With just under two weeks to go before the NBA season tips off on Christmas Day, most teams in the league are in flux. Two of the top ten players in the league, Dwight Howard and Chris Paul, could be traded this week, while a number of contending teams are shaking up their rosters.
Miami Heat in 2012: Championship or Bust
Heat talk big on media day, as if they have any other choice
By David Hill
Published at 6:58 AM EST on Dec 13, 2011
Regardless of what happens around the NBA in the next two weeks, when the Heat take on the defending champion Dallas Mavericks on Christmas day, they will likely still be favored to win it all. And they welcome those expectations, same as they did a year ago.
"If we don't win a championship, yes, it's a bust year," Dwyane Wade said Monday. "Last year was a bust year."
Teammate Chris Bosh concurred, saying, "I think we're the best team in the league, and we're going to work like it." Expectations of a title are "pretty obvious" for the Heat, Bosh said, adding "There's nothing else left for us to do but win it all."
The Heat have added exactly two new faces that have drawn any attention from the basketball world: Shane Battier and Eddy Curry. Battier is supposed to be the biggest piece Miami was missing in last year's Finals team: a rangy wing player who can defend well and hit an open jumper when LeBron James, Wade or Bosh draw too much attention from the defense.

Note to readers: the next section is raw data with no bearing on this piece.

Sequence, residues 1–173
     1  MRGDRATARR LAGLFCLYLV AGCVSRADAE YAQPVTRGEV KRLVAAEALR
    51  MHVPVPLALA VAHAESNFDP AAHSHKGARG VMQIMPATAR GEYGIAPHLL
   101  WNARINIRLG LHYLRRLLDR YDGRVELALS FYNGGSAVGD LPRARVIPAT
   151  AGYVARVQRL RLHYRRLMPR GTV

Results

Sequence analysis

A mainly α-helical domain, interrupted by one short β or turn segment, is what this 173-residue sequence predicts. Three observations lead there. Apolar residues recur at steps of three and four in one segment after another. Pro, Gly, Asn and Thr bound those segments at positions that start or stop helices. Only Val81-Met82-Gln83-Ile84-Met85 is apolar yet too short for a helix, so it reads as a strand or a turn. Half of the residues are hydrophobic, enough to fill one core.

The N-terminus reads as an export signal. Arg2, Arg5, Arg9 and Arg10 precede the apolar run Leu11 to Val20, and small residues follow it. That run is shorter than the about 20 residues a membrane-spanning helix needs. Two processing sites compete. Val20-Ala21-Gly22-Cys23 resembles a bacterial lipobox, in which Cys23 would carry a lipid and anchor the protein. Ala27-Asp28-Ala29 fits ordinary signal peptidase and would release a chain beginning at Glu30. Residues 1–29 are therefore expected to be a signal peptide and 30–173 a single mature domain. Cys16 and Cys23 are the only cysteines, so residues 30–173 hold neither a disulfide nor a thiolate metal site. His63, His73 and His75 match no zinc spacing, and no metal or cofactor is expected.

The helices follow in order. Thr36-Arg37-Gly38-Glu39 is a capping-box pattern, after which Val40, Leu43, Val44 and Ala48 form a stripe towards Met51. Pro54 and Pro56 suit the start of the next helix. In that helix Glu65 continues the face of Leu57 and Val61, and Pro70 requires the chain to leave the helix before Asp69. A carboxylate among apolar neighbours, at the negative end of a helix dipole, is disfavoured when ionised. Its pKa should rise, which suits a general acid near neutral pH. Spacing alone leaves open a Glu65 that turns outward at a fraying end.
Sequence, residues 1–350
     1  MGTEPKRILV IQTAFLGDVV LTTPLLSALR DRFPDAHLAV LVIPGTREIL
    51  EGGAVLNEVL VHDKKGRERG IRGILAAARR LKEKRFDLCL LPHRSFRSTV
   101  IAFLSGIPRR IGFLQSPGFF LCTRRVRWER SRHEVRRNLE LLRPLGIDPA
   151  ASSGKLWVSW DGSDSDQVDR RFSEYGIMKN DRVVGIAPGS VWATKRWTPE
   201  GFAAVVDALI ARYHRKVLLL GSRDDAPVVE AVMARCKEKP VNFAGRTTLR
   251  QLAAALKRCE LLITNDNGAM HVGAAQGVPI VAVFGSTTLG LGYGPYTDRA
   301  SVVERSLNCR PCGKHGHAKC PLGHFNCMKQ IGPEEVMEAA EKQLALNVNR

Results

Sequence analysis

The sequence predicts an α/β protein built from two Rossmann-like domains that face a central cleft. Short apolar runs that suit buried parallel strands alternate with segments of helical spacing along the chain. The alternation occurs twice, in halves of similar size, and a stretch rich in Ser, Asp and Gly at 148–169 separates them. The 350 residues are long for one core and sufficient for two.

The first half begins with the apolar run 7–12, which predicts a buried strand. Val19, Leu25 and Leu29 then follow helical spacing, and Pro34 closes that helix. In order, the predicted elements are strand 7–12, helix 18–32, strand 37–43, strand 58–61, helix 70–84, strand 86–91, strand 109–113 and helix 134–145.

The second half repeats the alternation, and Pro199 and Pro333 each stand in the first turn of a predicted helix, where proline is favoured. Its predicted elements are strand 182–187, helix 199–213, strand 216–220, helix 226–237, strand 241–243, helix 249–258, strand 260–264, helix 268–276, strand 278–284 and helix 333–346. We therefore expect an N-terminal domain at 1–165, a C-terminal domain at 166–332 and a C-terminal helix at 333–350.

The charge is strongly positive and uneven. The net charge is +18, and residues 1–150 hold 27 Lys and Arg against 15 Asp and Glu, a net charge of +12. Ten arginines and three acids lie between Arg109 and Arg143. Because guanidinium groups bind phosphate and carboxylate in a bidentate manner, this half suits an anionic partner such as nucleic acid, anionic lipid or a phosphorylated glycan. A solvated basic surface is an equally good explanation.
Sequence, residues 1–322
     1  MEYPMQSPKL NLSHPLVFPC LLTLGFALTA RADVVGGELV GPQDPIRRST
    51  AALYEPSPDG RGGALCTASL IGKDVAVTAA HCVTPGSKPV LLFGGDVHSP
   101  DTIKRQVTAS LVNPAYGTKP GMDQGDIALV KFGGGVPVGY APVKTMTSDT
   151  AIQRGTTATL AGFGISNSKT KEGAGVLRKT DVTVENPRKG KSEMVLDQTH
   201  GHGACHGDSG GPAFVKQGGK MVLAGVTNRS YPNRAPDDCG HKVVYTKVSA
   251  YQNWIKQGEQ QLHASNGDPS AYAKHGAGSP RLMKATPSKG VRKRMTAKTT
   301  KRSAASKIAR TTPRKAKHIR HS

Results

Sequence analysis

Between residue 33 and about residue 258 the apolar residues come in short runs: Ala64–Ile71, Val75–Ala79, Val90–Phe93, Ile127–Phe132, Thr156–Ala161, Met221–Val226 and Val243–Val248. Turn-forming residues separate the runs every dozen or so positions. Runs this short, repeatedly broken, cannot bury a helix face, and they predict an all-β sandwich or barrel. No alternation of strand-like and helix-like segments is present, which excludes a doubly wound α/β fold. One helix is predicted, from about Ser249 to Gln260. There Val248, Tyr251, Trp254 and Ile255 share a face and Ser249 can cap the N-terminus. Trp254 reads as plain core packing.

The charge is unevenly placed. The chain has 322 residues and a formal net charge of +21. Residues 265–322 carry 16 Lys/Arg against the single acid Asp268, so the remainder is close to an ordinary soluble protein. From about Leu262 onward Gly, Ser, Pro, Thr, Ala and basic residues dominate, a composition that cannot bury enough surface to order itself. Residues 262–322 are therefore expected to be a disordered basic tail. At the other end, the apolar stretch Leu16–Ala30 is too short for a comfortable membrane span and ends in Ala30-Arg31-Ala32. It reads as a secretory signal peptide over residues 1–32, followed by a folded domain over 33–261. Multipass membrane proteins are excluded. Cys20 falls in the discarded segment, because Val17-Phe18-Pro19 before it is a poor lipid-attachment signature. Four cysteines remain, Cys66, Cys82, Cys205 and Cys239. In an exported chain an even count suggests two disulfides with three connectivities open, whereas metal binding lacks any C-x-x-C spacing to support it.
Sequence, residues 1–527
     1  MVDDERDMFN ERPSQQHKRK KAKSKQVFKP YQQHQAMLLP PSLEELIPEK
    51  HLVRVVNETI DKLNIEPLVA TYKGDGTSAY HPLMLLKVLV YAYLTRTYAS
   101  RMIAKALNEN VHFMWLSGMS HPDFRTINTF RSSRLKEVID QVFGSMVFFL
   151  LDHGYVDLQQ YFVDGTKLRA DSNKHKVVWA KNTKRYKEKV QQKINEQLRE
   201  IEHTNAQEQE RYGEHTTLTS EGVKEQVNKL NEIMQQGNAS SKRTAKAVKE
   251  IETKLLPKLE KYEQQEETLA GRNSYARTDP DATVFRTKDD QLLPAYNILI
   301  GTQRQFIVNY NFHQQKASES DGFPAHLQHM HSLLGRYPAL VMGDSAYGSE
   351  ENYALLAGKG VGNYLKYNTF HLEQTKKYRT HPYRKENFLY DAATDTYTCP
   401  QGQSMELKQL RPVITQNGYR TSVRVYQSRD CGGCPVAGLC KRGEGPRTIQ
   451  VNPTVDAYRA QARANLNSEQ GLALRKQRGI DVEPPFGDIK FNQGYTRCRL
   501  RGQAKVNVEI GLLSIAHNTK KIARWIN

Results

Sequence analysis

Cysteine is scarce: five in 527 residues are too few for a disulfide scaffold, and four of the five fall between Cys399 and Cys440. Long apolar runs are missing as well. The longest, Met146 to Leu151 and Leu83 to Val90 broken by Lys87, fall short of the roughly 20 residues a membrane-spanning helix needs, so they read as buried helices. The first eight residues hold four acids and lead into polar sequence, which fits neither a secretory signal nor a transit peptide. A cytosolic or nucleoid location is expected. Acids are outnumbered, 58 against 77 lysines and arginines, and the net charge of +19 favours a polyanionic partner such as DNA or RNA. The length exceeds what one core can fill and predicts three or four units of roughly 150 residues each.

Wade, Bosh and James all reportedly recruited Battier to join them via text messages after the lockout ended and teams began negotiating with free agents. His defense and perimeter shooting are exactly what team president Pat Riley values most out of role players on the current version of the Heat. Also helping the Heat was Battier's desire to win a championship, even if doing so with the Heat meant taking a below market-value contract ($9 million for 3 years).
Curry, meanwhile, is more a novelty: a formerly overweight center who was out of the NBA last year. The Heat are not surprisingly placing lighter expectations on Curry. Coach Erik Spoelstra said the team is "open to taking a look, and seeing if he can get another chance" at cracking an NBA rotation.
Regardless, the Heat are ready to see if their Big Three can avenge their downfall in the last NBA Finals. "You never really can often get over losing the Finals," James said, "but I think you have to move on because there's a season now."
Miami's expectations have not changed, but the Big Three say they have no desire to play the villain role this season. Wade said Miami's quest to silence its critics last season "probably wasn't the right intentions for this team."
James already feels better about the Heat's new mindset. "I'm more alive, more being back to myself. I'm at a good place right now. Not much bothers me anymore."
Whether this more at-eased outlook will help the Heat win a title remains to be seen.